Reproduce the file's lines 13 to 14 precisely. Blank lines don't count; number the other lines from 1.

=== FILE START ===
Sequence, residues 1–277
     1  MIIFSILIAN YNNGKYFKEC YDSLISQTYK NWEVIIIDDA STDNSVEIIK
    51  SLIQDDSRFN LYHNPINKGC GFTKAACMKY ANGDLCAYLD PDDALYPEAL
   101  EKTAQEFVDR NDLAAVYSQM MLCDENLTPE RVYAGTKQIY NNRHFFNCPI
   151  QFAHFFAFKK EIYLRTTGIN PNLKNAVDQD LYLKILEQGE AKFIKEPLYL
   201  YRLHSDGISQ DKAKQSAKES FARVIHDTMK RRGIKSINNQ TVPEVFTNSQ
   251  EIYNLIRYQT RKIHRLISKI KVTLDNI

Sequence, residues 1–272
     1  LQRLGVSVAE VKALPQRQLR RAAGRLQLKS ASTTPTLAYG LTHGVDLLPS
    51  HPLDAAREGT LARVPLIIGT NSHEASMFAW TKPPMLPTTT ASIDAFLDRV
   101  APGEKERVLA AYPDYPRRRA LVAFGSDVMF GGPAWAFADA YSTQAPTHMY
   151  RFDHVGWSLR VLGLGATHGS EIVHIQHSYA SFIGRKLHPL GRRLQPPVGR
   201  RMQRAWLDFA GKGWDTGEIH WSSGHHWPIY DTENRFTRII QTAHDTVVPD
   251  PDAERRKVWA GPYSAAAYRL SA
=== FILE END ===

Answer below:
   201  RMQRAWLDFA GKGWDTGEIH WSSGHHWPIY DTENRFTRII QTAHDTVVPD
   251  PDAERRKVWA GPYSAAAYRL SA